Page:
Stevie Wonder Talks Childhood and Relationship With God on PBS Series 'Blank on Blank'
Stevie Wonder is the latest celebrity to be transformed into a cartoon for the animated Blank on Blank interview series. The legendary musician discusses his childhood, his experience with racism and his faith, on the program installment premiering today (Sept. 27).
The episode arrives just a day prior to the 40th anniversary of Stevie Wonder's 18th studio album Songs in the Keys of Life, which peaked at No. 1 on the Billboard 200. The legendary musical genius meditates on his childhood, as he recalls being dubbed "Nappy Wonder" by The Temptations' own Paul Williams, and encountering racism for the first time.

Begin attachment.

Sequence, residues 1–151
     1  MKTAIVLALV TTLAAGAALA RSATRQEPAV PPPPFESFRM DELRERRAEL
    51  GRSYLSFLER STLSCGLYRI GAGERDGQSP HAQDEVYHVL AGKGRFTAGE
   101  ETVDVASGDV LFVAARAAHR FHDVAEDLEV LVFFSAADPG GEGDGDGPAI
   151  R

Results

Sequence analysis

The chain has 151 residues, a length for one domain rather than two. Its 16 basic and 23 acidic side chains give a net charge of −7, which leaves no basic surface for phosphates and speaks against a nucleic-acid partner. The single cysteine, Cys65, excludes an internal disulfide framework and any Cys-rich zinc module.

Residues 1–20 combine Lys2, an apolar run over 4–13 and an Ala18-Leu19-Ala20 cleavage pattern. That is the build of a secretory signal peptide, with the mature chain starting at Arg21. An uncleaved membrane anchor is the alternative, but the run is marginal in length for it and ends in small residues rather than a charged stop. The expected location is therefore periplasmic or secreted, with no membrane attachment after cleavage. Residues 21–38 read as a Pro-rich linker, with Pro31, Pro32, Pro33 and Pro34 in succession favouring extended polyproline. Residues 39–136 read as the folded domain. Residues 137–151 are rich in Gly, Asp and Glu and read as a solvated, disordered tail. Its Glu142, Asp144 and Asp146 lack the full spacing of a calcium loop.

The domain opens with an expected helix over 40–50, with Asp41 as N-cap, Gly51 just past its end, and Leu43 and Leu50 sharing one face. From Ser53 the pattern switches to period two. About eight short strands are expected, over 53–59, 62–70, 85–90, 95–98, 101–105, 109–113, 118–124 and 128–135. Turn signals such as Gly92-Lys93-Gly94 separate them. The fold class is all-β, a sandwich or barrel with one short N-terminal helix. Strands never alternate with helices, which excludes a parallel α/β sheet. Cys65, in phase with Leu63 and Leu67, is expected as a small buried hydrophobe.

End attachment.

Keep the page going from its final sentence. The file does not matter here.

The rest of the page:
"I think I discovered, y'know, the whole thing of color when I went down south once when my grandmother passed away, and there were some kids -- some white kids that lived nearby -- and the kids [went] 'Hey n----r,'" the "I Wish" singer told interviewer Barney Hoskyns. "I've never accepted stupidity and ignorance as making me then determine how good I was, or how less I was."
After growing up in a Pentecostal church, Stevie's decision to sing "worldy" music saw much criticism from his church members, but it wasn't enough to stop the future Rock and Roll Hall of Famer from pursing his dreams. "If God didn‘t want me to sing it, he wouldn‘t have given me the talent to do it."
Watch the full five-minute interview below.